The brutality of the First World War had made people into resources for procuring blood, but the Second World War produced the conditions for the large-scale, centralized management of donors, which in turn became a plentiful resource for geneticists. The transformation from a local to nationwide transfusion service was particularly dramatic in Britain: during the first few months of the war, fragmented donor lists were brought together and remodeled within the country’s first national health service, the wartime Emergency Blood Transfusion Service (EBTS). To the British government, a nationwide service for distributing disembodied blood was an essential line of defense against new technologies of aerial bombardment. And when the EBTS was established, blood donation was consciously repackaged as a contribution to the war effort (Whitfield 2013): enrollment cards proclaimed, “your blood can go on active service”. It was a phenomenally successful campaign. Barely two months after recruitment began, The Times announced that the service had registered its first 100,000 donors (1939). This offered the potential for quantities of genetic data on a hitherto unimagined scale. Fisher’s and Haldane’s vision for human heredity research continued to grow. For instance, when war broke out, Fisher’s lab was co-opted by the Medical Research Council and turned into the central blood-grouping laboratory for the EBTS. He took that opportunity to use the lab’s contacts with depots across the country to acquire hundreds of thousands of donor records as a resource for mapping the genetic diversity of the British people, a precursor of Mourant’s later, international project.
In the years following the end of the war, Britain’s Ministry of Health attempted to standardize—right down to the level of typography—the management of blood and people (Figure 3). As transfusion was scaled up, more and more blood groups were discovered, and the specificity of blood became a new focus of bureaucratic concern. With so many people on its registry the new, peacetime National Blood Transfusion Service had reliable supplies of the common blood types, and it became increasingly focused on donors with unusual blood. While the “search for rare blood” became a dramatic narrative theme in films, plays, and newspaper reports, Arthur Mourant—by then one of the principal authorities within the transfusion service—oversaw the production of a new bureaucratic technology: a nationwide “rare blood panel” comprising a list of 2,000 donors with the rarest blood types. If a hospital anywhere in the country needed rare blood for a patient, it would telephone Mourant’s laboratory in London and consult the nationwide panel for a match. Only with large numbers of registered donors in a standard nationwide service was the specificity of rare blood made visible.
The specificity of blood types became sharper as the donor registry became larger. Whereas in the 1920s a person could be A, B, AB or O, by 1950 a patient could be identified by six separate blood-group systems, of which perhaps only the Rhesus system has joined ABO in the popular understanding of blood. Mourant used this increased specificity in his anthropological archive: the greater the quantity of data he could accrue, the more detailed his geographic maps of human genetic diversity. The WHO’s ambitions to connect up and standardize transfusion services around the world gave him reason to believe that the data could be collected in perpetuity. Moreover, the vastness of the collection would guarantee its own objectivity. Mourant himself admitted that he could not attest to the trustworthiness of many of his correspondents, but he judged that it was more important to encourage the free sending of data than it was to be too picky about technique, and reasoned that any errors in this heterogeneous collection would be swamped as long as he was able to collect large enough quantities of data. Even with data comprising tests on two million people, Mourant believed the collections had to continue.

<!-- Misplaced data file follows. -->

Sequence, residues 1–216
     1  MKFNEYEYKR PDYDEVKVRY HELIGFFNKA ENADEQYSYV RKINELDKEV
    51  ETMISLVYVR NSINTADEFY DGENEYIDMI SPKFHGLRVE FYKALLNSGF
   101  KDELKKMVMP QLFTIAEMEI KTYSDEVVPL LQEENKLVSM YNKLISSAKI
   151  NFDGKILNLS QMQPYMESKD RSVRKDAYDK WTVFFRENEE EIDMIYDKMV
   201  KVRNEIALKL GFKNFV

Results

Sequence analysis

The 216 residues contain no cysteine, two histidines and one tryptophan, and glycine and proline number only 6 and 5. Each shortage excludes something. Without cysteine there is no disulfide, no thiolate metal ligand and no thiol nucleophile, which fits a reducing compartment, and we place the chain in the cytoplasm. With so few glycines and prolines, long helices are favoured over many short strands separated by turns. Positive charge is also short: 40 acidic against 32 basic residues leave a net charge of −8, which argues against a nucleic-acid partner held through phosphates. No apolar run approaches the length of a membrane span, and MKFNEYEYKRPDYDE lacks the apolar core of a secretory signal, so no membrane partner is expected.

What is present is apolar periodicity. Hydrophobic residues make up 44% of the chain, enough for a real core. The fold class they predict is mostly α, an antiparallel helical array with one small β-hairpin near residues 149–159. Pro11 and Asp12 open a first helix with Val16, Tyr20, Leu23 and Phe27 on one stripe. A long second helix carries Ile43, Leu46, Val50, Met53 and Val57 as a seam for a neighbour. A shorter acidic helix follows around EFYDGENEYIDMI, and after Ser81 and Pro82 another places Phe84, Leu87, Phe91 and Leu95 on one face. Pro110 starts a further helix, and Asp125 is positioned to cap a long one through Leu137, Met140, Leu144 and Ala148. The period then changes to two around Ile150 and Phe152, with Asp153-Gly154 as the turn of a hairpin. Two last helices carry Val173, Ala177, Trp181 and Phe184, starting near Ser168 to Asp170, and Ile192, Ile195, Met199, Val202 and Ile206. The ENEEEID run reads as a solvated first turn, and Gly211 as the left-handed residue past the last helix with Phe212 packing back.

UNESCO endorsed the value of blood-group–based population genetics to an international public in a high-profile campaign to undermine racial prejudices (and assert its own universalizing authority) through the dissemination of “scientific facts.” Launched in the late 1940s, the race campaign was premised on the notion that a clearer scientific understanding of race among the general public would undermine prejudice. Some UNESCO experts insisted that ‘race’ was, in a biological sense, ‘real’, but that it provided no basis for superiority or prejudice. This strand of the campaign seized upon genetics as a pre-eminent example of a neutral, reforming, universalizing science. Blood-group gene frequencies – the argument went – affirmed the existence of biological differences between human populations, but also flattened and neutralized racial hierarchies: for UNESCO they were the perfect mediators of racial difference. Moreover, the kind of endeavor carried out by Mourant – to map blood-group frequency diversity and thereby produce a picture of human history – was highlighted as proof of the virtues of taking a population-genetic approach to race. Dovetailing with UNESCO’s commitment to “unity in diversity,” the study of human population dynamics promised access to deep commonalities that tied the peoples of the world together (see Jardine, Laemmli, and Kaplan in this issue). This argument was encapsulated in the cover design of UNESCO’s 1952 picture book aimed at children learning in school classrooms, What Is Race? (Figure 4).